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BACKGROUND: Antibiotics are commonly prescribed during pregnancy. Although the safety of most penicillins is well established, some controversy and uncertainty are associated with the use of other commonly prescribed antibiotics.
OBJECTIVE: To determine the risk of congenital malformations following first-trimester in utero exposure to 10 commonly prescribed antibiotics in Denmark.
MATERIALS AND METHODS: This was a cohort study comprising all singleton liveborn children in Denmark between 2000 and 2015. Data on malformations were collected through 2016. Merging validated and comprehensive populationwide Danish healthcare and civic registries, we merged data on pregnancy, prescription drugs purchases during first trimester and congenital malformations. Using logistic regression, we calculated the odds ratio for congenital malformations (any), major congenital malformations, and cardiac congenital malformations for the 10 most commonly prescribed antibiotics (excluding 4 penicillins that served as control). In the primary analysis, the exposed cohort was compared to a cohort exposed to any of 4 penicillins considered safe during pregnancy (ampicillin, pivampicillin, benzylpenicillin, and phenoxymethylpenicillin). In sensitivity analysis, the exposed cohort was compared to an unexposed cohort. Covariate adjustments were made for maternal age at delivery, year of delivery, parity, pre-pregnancy body mass index, smoking, educational status, employment status, and annual personal income.
RESULTS: We found no increased risk of congenital malformations to be related to first-trimester in utero exposure to the 10 most commonly prescribed antibiotics in Denmark compared to a cohort of pregnant women exposed to penicillins that are considered safe during pregnancy. Compared to unexposed pregnancies, small increased risks for major malformations and cardiac malformations were apparent for pivmecillinam (odds ratio, 1.13; confidence interval, 1.06-1.19; and odds ratio, 1.15; confidence interval, 1.04-1.28, respectively), sulfamethizole (odds ratio, 1.15; confidence interval, 1.07-1.24; and odds ratio, 1.22; confidence interval, 1.07-1.39, respectively), and azithromycin (odds ratio, 1.19, confidence interval, 1.03-1.38; and odds ratio, 1.29, confidence interval, 0.99-1.67, respectively).
CONCLUSION: In this large populationwide cohort study, we found, with a high degree of precision, no increased risk of congenital malformations following first-trimester exposure to 10 commonly prescribed systemic antibiotics.
|General Internal Medicine-Primary Care(US)|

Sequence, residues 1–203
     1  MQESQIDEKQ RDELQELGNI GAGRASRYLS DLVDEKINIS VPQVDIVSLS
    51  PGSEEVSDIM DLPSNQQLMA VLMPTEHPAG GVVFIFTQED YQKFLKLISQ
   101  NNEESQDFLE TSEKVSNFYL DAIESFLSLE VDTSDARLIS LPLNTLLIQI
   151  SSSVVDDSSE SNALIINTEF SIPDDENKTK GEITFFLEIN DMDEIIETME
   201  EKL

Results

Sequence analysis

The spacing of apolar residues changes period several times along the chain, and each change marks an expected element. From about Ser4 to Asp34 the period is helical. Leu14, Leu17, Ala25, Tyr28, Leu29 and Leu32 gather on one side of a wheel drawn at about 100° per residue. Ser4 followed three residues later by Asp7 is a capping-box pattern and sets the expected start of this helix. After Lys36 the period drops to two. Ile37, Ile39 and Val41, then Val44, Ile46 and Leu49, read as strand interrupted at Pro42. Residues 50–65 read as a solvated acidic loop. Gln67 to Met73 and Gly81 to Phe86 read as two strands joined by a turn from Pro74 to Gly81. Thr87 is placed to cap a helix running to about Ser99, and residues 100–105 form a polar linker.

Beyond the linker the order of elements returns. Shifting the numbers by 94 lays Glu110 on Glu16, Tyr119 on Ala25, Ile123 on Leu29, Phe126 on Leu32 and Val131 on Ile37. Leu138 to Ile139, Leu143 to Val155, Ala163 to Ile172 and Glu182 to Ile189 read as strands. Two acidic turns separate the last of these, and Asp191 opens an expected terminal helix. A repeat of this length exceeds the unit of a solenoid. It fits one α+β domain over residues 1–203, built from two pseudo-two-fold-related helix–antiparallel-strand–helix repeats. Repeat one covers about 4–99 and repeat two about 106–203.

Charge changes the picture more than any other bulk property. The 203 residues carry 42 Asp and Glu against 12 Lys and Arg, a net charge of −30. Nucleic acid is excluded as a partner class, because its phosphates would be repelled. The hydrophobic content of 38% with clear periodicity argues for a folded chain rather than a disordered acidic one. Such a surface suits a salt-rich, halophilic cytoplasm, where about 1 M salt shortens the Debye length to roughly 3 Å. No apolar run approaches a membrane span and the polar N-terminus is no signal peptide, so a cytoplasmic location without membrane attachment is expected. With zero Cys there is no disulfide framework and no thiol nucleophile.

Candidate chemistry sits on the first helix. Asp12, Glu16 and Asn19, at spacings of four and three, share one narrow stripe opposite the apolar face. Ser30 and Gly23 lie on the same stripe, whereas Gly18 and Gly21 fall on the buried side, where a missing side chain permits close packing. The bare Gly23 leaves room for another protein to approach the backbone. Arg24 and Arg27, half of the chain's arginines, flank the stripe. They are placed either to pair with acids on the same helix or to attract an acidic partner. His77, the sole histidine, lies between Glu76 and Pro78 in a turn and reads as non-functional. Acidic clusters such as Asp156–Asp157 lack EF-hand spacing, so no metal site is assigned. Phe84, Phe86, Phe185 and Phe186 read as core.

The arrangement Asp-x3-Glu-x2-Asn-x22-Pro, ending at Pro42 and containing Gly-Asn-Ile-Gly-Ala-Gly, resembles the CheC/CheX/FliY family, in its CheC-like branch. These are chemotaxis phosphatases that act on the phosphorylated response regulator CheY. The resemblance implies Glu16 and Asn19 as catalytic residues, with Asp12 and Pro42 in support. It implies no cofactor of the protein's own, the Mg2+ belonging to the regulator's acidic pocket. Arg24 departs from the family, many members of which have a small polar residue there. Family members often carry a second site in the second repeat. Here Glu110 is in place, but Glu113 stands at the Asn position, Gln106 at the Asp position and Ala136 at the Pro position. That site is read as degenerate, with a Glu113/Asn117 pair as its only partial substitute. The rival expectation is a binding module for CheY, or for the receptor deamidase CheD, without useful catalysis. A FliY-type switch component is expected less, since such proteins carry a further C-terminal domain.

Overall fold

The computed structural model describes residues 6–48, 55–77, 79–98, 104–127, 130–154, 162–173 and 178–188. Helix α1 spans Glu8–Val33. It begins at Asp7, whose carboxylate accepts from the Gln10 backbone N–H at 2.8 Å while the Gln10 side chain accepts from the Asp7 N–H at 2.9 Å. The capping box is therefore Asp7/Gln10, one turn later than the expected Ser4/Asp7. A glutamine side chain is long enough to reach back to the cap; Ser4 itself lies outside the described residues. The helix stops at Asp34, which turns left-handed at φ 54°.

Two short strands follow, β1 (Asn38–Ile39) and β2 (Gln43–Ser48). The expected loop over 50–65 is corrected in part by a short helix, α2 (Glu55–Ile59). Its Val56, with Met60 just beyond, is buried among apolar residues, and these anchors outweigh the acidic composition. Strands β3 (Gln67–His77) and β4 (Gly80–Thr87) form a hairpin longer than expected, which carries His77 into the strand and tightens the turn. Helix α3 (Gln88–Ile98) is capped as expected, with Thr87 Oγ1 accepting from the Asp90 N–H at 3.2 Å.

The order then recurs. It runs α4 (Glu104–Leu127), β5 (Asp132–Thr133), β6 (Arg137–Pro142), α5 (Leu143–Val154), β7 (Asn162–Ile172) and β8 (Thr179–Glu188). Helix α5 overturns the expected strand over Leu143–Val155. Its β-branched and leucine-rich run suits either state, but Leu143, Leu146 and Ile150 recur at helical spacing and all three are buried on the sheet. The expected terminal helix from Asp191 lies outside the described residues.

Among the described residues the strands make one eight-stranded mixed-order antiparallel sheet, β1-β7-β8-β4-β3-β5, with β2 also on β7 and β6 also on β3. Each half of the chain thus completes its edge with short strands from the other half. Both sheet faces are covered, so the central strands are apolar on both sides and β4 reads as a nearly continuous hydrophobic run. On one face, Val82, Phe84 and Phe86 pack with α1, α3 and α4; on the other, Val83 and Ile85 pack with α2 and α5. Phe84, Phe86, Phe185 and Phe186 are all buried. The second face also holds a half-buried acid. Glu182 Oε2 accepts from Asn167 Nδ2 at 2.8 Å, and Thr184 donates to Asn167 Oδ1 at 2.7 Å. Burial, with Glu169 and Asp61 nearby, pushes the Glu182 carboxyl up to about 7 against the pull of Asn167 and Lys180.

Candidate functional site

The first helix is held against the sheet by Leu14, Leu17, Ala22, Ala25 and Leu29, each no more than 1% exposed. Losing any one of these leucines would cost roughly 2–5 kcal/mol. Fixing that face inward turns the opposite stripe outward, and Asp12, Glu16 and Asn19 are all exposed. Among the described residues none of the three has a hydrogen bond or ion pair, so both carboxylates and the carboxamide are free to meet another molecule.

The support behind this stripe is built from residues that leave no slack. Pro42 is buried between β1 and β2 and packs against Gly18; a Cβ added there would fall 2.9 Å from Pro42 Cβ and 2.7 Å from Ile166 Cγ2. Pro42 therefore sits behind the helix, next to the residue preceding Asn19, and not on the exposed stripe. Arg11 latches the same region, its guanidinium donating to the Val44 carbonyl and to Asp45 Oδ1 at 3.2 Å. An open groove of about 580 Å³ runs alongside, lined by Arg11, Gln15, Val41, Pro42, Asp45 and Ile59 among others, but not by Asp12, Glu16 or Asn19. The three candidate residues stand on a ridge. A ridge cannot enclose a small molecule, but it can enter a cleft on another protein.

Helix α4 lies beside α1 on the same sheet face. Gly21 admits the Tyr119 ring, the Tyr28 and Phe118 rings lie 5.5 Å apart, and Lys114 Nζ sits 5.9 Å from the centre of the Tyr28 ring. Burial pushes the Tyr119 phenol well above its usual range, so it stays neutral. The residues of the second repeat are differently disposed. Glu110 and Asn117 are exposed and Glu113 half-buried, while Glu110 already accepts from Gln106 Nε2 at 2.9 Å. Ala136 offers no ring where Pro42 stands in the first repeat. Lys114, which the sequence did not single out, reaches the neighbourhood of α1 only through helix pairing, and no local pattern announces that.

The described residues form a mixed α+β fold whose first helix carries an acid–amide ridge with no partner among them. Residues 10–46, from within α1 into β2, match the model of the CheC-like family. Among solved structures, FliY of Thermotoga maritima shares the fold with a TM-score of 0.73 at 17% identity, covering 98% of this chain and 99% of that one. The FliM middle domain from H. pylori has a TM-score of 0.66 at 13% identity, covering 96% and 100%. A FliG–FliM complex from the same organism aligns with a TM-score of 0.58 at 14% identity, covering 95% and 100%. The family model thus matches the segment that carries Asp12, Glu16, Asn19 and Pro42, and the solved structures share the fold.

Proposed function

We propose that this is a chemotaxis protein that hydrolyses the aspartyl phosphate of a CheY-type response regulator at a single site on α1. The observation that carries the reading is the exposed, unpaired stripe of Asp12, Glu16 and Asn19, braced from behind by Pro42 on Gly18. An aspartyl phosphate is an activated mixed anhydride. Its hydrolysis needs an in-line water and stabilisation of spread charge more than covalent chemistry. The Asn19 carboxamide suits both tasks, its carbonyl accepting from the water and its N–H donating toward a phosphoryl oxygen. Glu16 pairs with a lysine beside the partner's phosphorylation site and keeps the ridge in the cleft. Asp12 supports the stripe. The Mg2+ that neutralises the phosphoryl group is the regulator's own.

|Family Medicine (FM)/General Practice (GP)|
Large epidemiolgoic Danish study of 1st-trimester pregnancy exposure to antibiotics and the risk for congenital malformations. No clear increased risk for 10 common antibiotics as compared with penicillin. Clear overall increased risk associated with any antibiotic compared to non-exposure, suggesting confounding by indication. Of the 10 tested with narrow enough CIs and relevance to North America -- TMP-SMX, azithromycin, amoxicillin, dicloxacillin, and nitrofurantoin -- only azithromycin and TMP-SMX had increased congenital malformation risk compared with the non-exposed cohort, although not compared with penicillin. Lower 95% CI was close to 1 in both cases compared with penicillin, however, the upper 95% CI limit was up to 1.2-1.3, which could thus still reasonably contain a small increased risk such that I would probably try to avoid those two classes of antibiotics unless absolutely indicated.
Given the frequency of antibiotic prescribing to pregnant patients in the ED and concern for congenital effects, this should serve as a reassurance to EM physicians and patients.
Antibiotics seem to have no association with congenital malformations. Of course, the decision to use antibiotics is always weighed against the risk for maternal harm and death if not given. As always, be cautious but use if needed.
This helpful registry based study shows that we cannot be complacent about the potential for teratogenesis following the use of antibiotics in pregnancy.
Very interesting especially since no significant risk with quinolones, sulfamethizole, and doxycycline!
This large study provides some reassurance that most common antibiotics are not associated with increased risk for malformation when given to pregnant women in their first trimester.
Reassuring data for parents and healthcare workers when antibiotics are indicated during the first trimester of pregnancy. Although the odds ratios for several of the antibiotics were slightly more than one, indicating an increased risk of major congenital and cardiac malformations, when interpreted in the context of a 2-4% risk without antibiotics, this increased risk is very small. Thus, when indicated, the benefit of these antibiotics outweighs the small risk.
Important information about the safety of antibiotics in pregnancy, but does not address the serious problem of overuse of all antibiotics.
I`m not sure there was ever much concern that antibiotic use in pregnancy caused malformations. This may have answered a question that wasn`t asked but perhaps should have been.